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For Immediate Release

Chess Team Prepares for Championship Tournament

BROWNSVILLE, TEXAS – DECEMBER 7, 2010 – While most college students will be spending their holiday taking a break from classes, members of The University of Texas at Brownsville and Texas Southmost College Chess Team will be reviewing strategies to beat their upcoming opponents.

Chess Team Prepares for Championship TournamentThe university will send two teams, eight students total, to Milwaukee, Wis., Dec. 27 to Dec. 31, for the 2010 Pan American Intercollegiate Team Championship, a qualifying tournament for the 2011 President’s Cup.

“The official rankings are not posted yet, but I anticipate we will be coming in to the tournament either second or third, said UTB/TSC Chess Director Russell Harwood. “Our goal is to finish in the top four. It’s a process, but we will be very happy to qualify for the Final Four.”

UTB/TSC will need to place among the top four U.S. universities at the tournament to qualify for the President’s Cup, the Final Four of College Chess, which will be held April 2-3, 2011, in Washington, D.C.

“(The Pan American Championship) is the most important one of the year, though,” said team member Woman Grandmaster Luciana Morales, “It’s pretty important. This is where most college teams come to compete, and you find out who is the best. We are excited and ready.”

Harwood said the Pan American games are played using the Swiss-system tournament, a commonly used type of tournament where players or teams play head to head and in this tournament are paired using a random, color-coded system.

“Right now we are trying to find the best way to play,” said team member Grandmaster Axel Bachmann. “We study their games, the best way to play against them, their weaknesses and tendencies so we know our opening moves.”

UTB/TSC has had success at the Final Four tournament. In 2009, the team’s first appearance, they placed second. In 2010, when the university hosted the games, they placed second - just a half a point behind first-place winners, The University of Maryland-Baltimore County.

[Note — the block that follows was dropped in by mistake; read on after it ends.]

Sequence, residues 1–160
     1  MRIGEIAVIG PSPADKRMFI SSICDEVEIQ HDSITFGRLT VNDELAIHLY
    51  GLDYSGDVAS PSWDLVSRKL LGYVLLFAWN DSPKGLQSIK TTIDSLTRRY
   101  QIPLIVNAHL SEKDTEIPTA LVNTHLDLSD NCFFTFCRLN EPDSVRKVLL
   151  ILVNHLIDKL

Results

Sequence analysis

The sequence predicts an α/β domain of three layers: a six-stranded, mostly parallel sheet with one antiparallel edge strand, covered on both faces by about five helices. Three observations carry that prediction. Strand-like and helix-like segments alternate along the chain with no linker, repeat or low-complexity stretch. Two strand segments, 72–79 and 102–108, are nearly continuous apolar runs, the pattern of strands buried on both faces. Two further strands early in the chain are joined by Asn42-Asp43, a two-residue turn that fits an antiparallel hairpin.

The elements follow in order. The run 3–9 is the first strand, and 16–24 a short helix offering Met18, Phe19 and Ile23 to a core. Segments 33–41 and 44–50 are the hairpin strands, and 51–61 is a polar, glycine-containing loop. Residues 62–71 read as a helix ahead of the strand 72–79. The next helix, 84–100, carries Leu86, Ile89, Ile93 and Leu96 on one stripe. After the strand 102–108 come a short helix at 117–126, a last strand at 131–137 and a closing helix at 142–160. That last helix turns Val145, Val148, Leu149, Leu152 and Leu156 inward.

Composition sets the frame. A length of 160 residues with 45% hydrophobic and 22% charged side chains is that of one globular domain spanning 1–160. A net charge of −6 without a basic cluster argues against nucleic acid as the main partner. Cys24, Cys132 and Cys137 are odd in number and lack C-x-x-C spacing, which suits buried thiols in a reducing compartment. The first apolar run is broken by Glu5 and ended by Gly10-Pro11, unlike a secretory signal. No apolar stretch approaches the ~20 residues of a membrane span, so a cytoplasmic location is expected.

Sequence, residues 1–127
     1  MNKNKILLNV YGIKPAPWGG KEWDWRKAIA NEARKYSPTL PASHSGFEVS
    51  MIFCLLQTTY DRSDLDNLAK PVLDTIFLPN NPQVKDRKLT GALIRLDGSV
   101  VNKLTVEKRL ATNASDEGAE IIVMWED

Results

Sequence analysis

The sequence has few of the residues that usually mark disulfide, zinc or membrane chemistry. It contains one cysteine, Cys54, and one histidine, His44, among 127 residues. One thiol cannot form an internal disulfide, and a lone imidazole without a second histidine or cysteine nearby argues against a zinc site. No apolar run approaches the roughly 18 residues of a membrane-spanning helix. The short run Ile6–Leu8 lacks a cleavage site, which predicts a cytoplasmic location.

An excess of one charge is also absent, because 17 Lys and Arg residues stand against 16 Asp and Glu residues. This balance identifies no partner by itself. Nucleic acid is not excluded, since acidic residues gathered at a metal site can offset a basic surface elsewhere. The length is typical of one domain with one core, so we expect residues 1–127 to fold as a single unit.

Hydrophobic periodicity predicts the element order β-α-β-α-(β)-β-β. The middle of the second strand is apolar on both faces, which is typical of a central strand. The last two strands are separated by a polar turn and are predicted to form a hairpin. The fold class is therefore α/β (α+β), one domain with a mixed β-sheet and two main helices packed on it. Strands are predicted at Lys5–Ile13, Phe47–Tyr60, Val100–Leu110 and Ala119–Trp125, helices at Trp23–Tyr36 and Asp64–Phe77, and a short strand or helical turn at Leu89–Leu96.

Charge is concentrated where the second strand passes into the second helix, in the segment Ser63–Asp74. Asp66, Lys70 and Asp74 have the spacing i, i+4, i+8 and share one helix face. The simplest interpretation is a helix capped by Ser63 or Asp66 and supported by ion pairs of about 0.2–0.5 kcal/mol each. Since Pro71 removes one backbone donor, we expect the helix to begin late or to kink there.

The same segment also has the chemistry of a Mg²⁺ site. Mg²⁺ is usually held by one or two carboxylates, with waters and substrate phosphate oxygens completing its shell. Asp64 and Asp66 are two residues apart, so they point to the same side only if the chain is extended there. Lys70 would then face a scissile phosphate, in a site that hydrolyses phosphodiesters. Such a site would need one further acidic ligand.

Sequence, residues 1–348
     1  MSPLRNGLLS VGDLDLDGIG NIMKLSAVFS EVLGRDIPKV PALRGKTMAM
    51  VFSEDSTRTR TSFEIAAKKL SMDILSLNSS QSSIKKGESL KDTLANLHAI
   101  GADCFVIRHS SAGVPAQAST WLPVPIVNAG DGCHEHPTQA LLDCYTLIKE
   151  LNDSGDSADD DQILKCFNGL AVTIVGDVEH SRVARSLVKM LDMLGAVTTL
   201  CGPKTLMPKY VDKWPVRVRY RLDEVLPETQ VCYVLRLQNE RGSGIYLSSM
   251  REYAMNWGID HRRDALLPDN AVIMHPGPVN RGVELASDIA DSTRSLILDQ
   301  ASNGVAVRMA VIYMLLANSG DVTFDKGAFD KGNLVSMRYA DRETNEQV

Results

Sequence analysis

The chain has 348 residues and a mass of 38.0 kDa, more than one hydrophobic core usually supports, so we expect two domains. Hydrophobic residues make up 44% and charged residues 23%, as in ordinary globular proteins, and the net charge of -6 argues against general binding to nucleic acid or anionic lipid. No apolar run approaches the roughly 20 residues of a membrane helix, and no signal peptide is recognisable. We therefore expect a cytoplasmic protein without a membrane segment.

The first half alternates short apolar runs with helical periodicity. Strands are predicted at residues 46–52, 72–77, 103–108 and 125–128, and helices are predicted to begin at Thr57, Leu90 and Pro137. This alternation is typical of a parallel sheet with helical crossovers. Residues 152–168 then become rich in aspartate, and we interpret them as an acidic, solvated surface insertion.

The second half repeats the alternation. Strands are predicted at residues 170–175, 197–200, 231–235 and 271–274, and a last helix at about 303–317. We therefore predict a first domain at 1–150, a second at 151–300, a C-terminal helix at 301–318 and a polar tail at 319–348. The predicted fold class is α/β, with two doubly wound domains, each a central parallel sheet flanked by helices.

“We all know each other,” said team member and International Master Max Cornejo. “I have been playing these players for the last few years, so I am not nervous. We are ready to go in there, and our goal is to qualify for the Final Four. It doesn’t matter if it is first or fourth.”

Grandmaster Ronen Har-Zvi, UTB/TSC chess coach, said although everyone has had an outstanding year individually, he is ready to see how the players fare this year as a team.

“I know we are very strong, I have no doubts about that,” he said. “The pairing will be crucial, but we have played the best, and we look very good this year.”

Although the team expects their toughest competition to come from UTMB and The University of Texas at Dallas, they said Texas Tech University has become a strong contender in recent years.

“They have become stronger, and we expect them to play well, but we are ready,” Bachmann said. “It feels pretty good to go into a tournament and see names like Harvard and Yale, who are in the news for their other accomplishments, and to know that us, a school from Brownsville, is one of the best. That feels good.”

UTB/TSC has seen fast success in the chess arena after it started competing in 2001.

The team won the National K-12/Collegiate Championships in 2005. The university was named Chess College of Year by the U.S. Chess Federation in 2007.

This year, individual players have brought in some notable wins at tournaments and hit some milestones.

Grandmaster Timur Gareyev took first at the National Open Championship in Las Vegas, Nev., out of 693 players. He was alone at the top of the National Open standings, the first person to take a clear first in the tournament since 1984. Grandmaster Mauricio Flores took first at the U.S. Class Championships in October, Max Cornejo took second at the 76th Southwest Open in September and Nadya Ortiz earned the title of woman grandmaster.

For more information about the UTB/TSC Chess Program, contact Russell Harwood at (956) 882-5761 or visit www.utb.edu/chess.

 

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